• Franco
          Posted March 10, 2011 at 6:50 pm | Permalink

          I’ve Never Seen Star Wars!

          Well….I saw about 10 minutes of it once – not to my taste – I prefer Marmite!

          Why is this sort of clue frowned upon??

          • Posted March 10, 2011 at 10:07 pm | Permalink

            Like Marmite, they are a matter of taste. I don’t like either.

      • Posted March 10, 2011 at 6:48 pm | Permalink

        • Posted March 10, 2011 at 7:32 pm | Permalink

          Example?. Great it is.

          • pommers
            Posted March 10, 2011 at 9:47 pm | Permalink

            Agree? I do! Also like Yoda I do. Favourite character in Star Wars he is!

    • Upthecreek
      Posted March 10, 2011 at 7:07 pm | Permalink

      Surprised that so few have heard of ‘that’s flat’. I knew when my mother said that you didn’t argue, or else!

      • pommers
        Posted March 10, 2011 at 7:18 pm | Permalink

        Agreed!

        • Franco
          Posted March 10, 2011 at 7:31 pm | Permalink

          No Argument!!

      • pommers
        Posted March 10, 2011 at 10:15 pm | Permalink

        I suppose in Yodaspeak it should be ‘ Flat, that is’!

      • Kath
        Posted March 10, 2011 at 10:26 pm | Permalink

        Agree with all three of you – see comment 12! :smile:

      • crypticsue
        Posted March 11, 2011 at 8:29 am | Permalink

        My mum used the expression too and I did before my sons got too old and tall to take any notice of me. It also features in Brewers Dictionary of Phrase and Fable so can’t be that unknown!

  14. gazza
    Posted March 10, 2011 at 7:13 pm | Permalink

    I agree with Tilsit’s assessment. This puzzle doesn’t compare, in terms of entertainment, with those available elsewhere today or with those from most other Toughie setters. On the other hand it is distinctly better than some of the puzzles that we have had from this setter in the past. Personally, I preferred it to Tuesday’s Toughie. Favourite clues: 1a and 8d.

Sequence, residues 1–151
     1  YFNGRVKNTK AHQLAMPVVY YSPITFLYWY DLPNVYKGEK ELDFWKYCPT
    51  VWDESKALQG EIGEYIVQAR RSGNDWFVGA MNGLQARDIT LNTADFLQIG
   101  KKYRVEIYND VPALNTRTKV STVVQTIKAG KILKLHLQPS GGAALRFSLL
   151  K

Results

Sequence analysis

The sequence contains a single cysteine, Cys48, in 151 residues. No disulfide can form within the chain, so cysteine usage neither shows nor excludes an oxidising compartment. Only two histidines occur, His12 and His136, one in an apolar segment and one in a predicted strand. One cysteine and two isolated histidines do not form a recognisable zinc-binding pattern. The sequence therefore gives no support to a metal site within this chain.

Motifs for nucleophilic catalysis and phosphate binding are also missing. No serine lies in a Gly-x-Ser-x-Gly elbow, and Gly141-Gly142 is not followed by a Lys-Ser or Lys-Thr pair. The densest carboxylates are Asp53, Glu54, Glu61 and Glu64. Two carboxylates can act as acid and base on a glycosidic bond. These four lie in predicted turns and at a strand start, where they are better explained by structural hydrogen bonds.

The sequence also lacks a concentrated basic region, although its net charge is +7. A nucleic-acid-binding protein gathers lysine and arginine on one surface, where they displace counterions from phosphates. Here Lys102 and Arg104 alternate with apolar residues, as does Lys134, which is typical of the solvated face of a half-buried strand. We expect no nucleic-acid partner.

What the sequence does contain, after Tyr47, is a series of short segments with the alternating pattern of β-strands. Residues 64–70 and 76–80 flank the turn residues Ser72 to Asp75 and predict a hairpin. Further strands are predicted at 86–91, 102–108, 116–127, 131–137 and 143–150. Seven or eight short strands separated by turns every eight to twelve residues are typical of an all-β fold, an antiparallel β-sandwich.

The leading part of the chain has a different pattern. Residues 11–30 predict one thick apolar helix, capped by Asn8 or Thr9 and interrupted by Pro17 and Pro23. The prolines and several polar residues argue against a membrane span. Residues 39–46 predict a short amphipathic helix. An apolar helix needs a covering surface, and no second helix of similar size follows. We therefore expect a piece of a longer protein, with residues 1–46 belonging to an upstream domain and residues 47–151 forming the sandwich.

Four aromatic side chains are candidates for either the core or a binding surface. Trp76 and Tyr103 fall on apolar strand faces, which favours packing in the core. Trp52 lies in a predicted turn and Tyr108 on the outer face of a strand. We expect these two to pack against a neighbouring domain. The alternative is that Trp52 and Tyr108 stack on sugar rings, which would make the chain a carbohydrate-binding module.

15. pommers
    Posted March 10, 2011 at 7:26 pm | Permalink

    Well. I didn’t think this was all that bad.
    As I’ve said before this setter is a bit weird to me but, if you can accept that ,it mostly works OK. Not too difficult (apart from the weirdness)!

    Weather in Pommerania (as The_Chairman called it) has curtailed the tiling as it rained on and off all afternoon!

    Thanks to all for the puzzle, blog. and entertaining comments.
    ,

  16. gazza
    Posted March 10, 2011 at 7:33 pm | Permalink

    Good news – it’s Notabilis tomorrow, so that will put today’s effort into perspective.

    • Posted March 10, 2011 at 7:46 pm | Permalink

      It certainly will!. I don’t have much time tomorrow morning but will try and make some.

    • Franco
      Posted March 10, 2011 at 8:28 pm | Permalink

      How do you know it’s Notabilis tomorrow?

      Why has today’s Toughie from Excalibur received so much adverse criticism?

      • Qix
        Posted March 10, 2011 at 8:32 pm | Permalink

        The Telegraph’s puzzles website now has a page listing the Toughie compilers. Typically, the name of the following day’s setter appears in the evening.

      • gazza
        Posted March 10, 2011 at 8:33 pm | Permalink

        a) The name of next day’s Toughie setter is now published on CluedUp in the evening.
        b) I guess some people don’t like it very much.

        • Franco
          Posted March 10, 2011 at 8:47 pm | Permalink

          a) I’m not CluedUp!

          b) Excalibur, I quite enjoyed it – not that bad – Thanks!

          • Posted March 10, 2011 at 8:57 pm | Permalink

            Franco, until recently anyone who subscribed online at CluedUp (now the puzzles.telegraph.co.uk site) would not even know the setter on the day unless they guessed. Emails had to be sent by someone who had bought the paper to confirm. This is an improvement for us!.

    • Jezza
      Posted March 10, 2011 at 10:04 pm | Permalink

      Giovanni, followed by Notabilis – can’t wait!

  17. Posted March 10, 2011 at 8:24 pm | Permalink

    Since I am seeing Notabilis (and hopefully Bufo) in person on Saturday, I had better start warming up for tomorrow’s solve!